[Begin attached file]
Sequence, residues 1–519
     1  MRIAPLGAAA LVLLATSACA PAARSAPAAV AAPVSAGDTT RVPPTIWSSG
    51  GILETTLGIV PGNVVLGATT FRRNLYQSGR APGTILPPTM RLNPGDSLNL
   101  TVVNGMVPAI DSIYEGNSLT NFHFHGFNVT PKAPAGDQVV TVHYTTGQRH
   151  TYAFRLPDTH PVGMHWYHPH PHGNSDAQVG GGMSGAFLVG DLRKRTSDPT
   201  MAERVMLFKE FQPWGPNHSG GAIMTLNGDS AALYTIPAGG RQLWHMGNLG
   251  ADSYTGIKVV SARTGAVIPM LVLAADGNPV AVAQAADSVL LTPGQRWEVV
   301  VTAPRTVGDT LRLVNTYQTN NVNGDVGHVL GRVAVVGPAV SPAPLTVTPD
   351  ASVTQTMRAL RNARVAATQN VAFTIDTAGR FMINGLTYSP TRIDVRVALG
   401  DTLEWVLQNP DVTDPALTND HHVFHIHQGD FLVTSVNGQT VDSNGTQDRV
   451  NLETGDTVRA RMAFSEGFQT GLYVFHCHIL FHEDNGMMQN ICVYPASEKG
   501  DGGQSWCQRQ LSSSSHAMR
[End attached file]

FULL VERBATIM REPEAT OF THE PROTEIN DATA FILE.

Sequence, residues 1–519
     1  MRIAPLGAAA LVLLATSACA PAARSAPAAV AAPVSAGDTT RVPPTIWSSG
    51  GILETTLGIV PGNVVLGATT FRRNLYQSGR APGTILPPTM RLNPGDSLNL
   101  TVVNGMVPAI DSIYEGNSLT NFHFHGFNVT PKAPAGDQVV TVHYTTGQRH
   151  TYAFRLPDTH PVGMHWYHPH PHGNSDAQVG GGMSGAFLVG DLRKRTSDPT
   201  MAERVMLFKE FQPWGPNHSG GAIMTLNGDS AALYTIPAGG RQLWHMGNLG
   251  ADSYTGIKVV SARTGAVIPM LVLAADGNPV AVAQAADSVL LTPGQRWEVV
   301  VTAPRTVGDT LRLVNTYQTN NVNGDVGHVL GRVAVVGPAV SPAPLTVTPD
   351  ASVTQTMRAL RNARVAATQN VAFTIDTAGR FMINGLTYSP TRIDVRVALG
   401  DTLEWVLQNP DVTDPALTND HHVFHIHQGD FLVTSVNGQT VDSNGTQDRV
   451  NLETGDTVRA RMAFSEGFQT GLYVFHCHIL FHEDNGMMQN ICVYPASEKG
   501  DGGQSWCQRQ LSSSSHAMR